The FA Cup's Greatest Managers
ESPNsoccernet will be taking you through the season with a series of FA Cup features detailing the highlights of the competition's long and proud history. Here, we look at those managers who have left their mark on the competition.
Sir Alex Ferguson (Manchester Utd)
This season saw Manchester United pipped to the post while fighting on three fronts by rivals Manchester City in the FA Cup semi-final, but Ferguson's record in the competition is unparallelled. He has picked up the trophy more times than any other manager - five - and has also been involved in the most finals - eight. His first success came in 1989-90 before leading United to three trophies in six years from 1993 onwards and, although his last trophy came in 2003-04, he is still viewed as one of the best managers in the competition's history.
Arsene Wenger (Arsenal)
Arsenal's boss has almost become defined by his last trophy - the FA Cup in 2005 - as his side struggles to recreate their past glories, but there was a time when the FA Cup was the Gunners' stronghold. Wenger secured four trophies in seven years from 1998 to 2005 and also made it to another final and two semi-finals in that period. He also wrote himself into FA Cup folklore with an act of sportsmanship that saw him offer to replay Arsenal's 1999 Fifth Round game with Sheffield United after Marc Overmars scored following Kanu's failure to return the ball to the Blades following an injury.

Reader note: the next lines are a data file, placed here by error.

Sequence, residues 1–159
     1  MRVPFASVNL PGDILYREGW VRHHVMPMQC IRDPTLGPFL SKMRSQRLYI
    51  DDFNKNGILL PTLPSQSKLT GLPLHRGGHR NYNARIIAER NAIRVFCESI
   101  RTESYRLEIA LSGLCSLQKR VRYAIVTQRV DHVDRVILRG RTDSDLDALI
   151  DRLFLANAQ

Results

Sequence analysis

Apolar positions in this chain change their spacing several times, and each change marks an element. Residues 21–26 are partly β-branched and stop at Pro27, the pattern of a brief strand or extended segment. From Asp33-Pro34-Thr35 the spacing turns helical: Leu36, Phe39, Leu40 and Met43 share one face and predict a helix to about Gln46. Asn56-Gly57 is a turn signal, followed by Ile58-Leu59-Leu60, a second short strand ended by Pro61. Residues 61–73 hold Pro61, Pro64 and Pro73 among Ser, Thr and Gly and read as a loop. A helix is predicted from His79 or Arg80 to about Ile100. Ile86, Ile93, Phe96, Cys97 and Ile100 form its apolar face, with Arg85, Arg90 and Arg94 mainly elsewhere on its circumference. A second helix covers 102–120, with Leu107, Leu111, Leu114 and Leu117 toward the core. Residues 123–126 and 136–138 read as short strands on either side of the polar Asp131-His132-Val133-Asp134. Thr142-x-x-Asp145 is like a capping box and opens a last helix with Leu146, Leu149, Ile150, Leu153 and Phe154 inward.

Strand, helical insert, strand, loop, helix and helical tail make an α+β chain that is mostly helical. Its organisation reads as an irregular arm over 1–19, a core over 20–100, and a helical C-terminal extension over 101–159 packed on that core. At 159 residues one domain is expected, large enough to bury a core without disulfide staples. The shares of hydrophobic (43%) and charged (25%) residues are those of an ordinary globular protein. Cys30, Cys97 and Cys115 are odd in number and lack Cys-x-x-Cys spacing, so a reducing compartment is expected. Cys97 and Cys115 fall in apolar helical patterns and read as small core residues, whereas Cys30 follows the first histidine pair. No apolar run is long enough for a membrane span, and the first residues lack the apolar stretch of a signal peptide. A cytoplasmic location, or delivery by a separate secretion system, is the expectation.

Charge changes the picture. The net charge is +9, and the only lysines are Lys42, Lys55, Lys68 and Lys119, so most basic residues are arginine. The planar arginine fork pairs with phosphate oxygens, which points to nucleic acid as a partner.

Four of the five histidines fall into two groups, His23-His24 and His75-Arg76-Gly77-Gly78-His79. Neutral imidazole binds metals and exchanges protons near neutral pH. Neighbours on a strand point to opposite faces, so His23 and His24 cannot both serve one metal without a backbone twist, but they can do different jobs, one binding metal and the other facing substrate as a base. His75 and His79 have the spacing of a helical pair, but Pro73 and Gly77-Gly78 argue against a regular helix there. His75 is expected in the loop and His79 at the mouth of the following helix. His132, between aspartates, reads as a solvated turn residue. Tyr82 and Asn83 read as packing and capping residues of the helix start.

Bill Nicholson (Tottenham)
Nicholson picked up the league title both as a player and a manager at Tottenham and was the man at the helm as Spurs went on their greatest run of FA Cup successes in the 1960s, which saw them win three trophies in seven years including a Double in 1961. Nicholson, arguably Spurs' greatest ever manager, allowed his players to express themselves, but demanded the type of commitment which is best summed up in his own words: "Any player coming to Spurs, whether he's a big signing or just a ground staff boy, must be dedicated to the game and to the club. He must never be satisfied with his last performance, and he must hate losing."
Keith Burkinshaw (Tottenham, West Brom)
Another Tottenham legend, Burkinshaw oversaw the second of Spurs' glory periods in an eight year spell from 1976. Sealing back-to-back successes in the FA Cup in 1981 and 1982 ranks highest on his list of achievements and his inspired signing of Argentinian World Cup stars Ossie Ardiles and Ricky Villa helped the club on the path to glory, along with the emergence of England's Glenn Hoddle. The 1981 FA Cup final replay saw Villa saw one of the greatest goals ever scored in a final as Spurs beat Man City 3-2.
Sir Matt Busby (Manchester Utd)
The legend of Busby will forever be linked with Manchester United, but his first taste of the competition came as a player for rivals City as he picked up the trophy for the first time in 1934. Joining Manchester United as manager after WWII, he guided the club to the FA Cup in 1948 before the tragedy of the Munich Air Disaster in 1958. Seven players were among the 23 killed in Germany and, famously, Busby twice received the Last Rites in hospital. Somehow, he recovered and returned to lead the side to success in the cup again in 1963 before his retirement after the European Cup success of 1968.